Did you ever bite into a juicy burger or twirl savory pasta around a fork and think, “food is such a hassle, I wish there was another way?” Well…maybe not. But a new food replacing drink called Soylent (yes, it’s named after the 1970’s cult classic about eating food that is actually made of “people”) recently hit the market and has many questioning the future of the product and the way we consume foods.
The New Yorker recently reported about Soylent and spoke with the makers of the product about their vision of how people may soon replace breakfast, lunch and dinner with a quick powdered drink. Rob Rhinehart, one of the entrepreneurs involved in creating Soylent, explains how he was living in a cramped apartment, broke and eating the cheapest foods he could find to get through each day. Rhinehart says, “Food was such a large burden. It was also the time and the hassle. We had a very small kitchen, and no dishwasher.”
In order to get rid of the “hassle” of eating food and to try out an experiment of sorts, the electrical engineering major began studying nutritional biochemistry. What he came up with was that we need essentially 35 nutrients in order to survive. After ordering the powdered or pill versions of these nutrients on the internet, Rhinehart put them all in a blender and began drinking these sludgy drinks he called “Soylent”.
After drinking the mixture for a month Rhinehart posted his results on his blog writing, “I feel like the six million dollar man. My physique has noticeably improved, my skin is clearer, my teeth whiter, my hair thicker and my dandruff gone. I haven’t eaten a bite of food in thirty days, and it’s changed my life.”
Through crowdsourcing Soylent has now hit the market and has many curious consumers placing their first orders. Whether or not Soylent is safe to consume on a long term basis is not yet known, but the site assures customers that all of the ingredients in Soylent are considered safe by the FDA. Rhinehart has been drinking his concoction for over a year now and reports feeling and looking better than ever.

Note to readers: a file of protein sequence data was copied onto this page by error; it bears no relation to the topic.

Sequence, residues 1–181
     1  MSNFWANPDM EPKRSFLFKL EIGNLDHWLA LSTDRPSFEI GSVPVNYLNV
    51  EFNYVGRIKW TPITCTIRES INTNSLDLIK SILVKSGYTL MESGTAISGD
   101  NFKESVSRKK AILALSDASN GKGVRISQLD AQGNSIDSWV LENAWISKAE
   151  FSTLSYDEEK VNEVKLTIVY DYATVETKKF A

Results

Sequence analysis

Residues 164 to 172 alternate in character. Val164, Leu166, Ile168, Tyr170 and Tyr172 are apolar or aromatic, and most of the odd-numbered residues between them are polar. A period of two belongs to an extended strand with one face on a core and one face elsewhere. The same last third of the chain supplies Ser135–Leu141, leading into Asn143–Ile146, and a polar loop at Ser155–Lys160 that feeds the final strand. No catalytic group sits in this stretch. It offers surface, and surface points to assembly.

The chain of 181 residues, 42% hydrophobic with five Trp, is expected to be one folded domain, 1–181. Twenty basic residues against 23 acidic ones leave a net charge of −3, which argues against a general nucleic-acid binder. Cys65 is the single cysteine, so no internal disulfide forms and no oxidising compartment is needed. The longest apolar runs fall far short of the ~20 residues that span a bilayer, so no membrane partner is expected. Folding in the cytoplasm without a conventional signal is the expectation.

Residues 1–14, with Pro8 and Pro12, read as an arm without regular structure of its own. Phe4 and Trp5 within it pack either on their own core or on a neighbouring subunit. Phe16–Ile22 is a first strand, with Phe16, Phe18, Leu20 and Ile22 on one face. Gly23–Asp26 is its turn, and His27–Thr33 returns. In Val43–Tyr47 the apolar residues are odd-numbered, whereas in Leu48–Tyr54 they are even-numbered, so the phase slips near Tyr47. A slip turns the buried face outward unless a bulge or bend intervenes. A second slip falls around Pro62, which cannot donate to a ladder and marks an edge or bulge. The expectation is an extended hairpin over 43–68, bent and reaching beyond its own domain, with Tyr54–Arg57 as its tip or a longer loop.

What do you think of the new powdered drink meal replacer?
Does Soylent sound like something you would like to try?
It would depend on how it taste and how it makes me feel. The price is also to be taken into consideration. After that, I would love to try it just to see if it is really possible. I enjoy eating food and the sensory appeal of look, smell and taste. It would be hard to give that up.
Not something I'd be interested in to replace all my meals. Perhaps if I needed something quick when in a rush. I would miss the tastes, textures and scents of real foods too much. Food, after all, isn't just about nourishing our bodies.
I don't think I would replace my meals just yet, maybe one meal but not all three. I'm game to try it, it sounds pretty interesting.
I had actually heard about this a while ago and thought it would be awesome to try, but I would likely drink it when in a hurry or just when being lazy. I still need food. Real food.
I would certain to try as I juice to get my veggies and fruit. i
I would try it, even though I'll always think of Charlton Heston shouting "Soylent Green is PEOPLE!" But I don't think any drink could replace a nice medium rare steak or shrimp. Or some good Chinese food. It would most likely be one of those things that people use only when they don't have an alternative.
I'm game to try. Sure would cut down on the hassles and give me more time to workout. Might also be good for people trying to figure out if they have allergy/sensitivity issues since they would be consistent on what they are drinking/eating.
I would probably try it. I would love to see it help end child and world hunger...
It sounds like a possible answer to providing people in areas of famine, drought, and poverty a way to have nutrition, in that sense I am all for it!
This is so something I'd try. I get tired of dealing with food issues and if I could drink my meals and be healthy I'd be very happy.
My mind goes first to countries where hunger and nutrition are still serious problems, and if this could be a solution.
This sounds like a really interesting thing to try, especially to see the results first hand on these. The issue that commonly arrives with drinking your meals essentially, is the lack of essential nutrients you get into your body, and the lack of feeling "full". I think this sounds like something I would like to give a shot at to see how it works at a purely detox point of view. I'm studying health and nutrition at college currently, and this would make an awfully interesting research paper... Worth a shot right?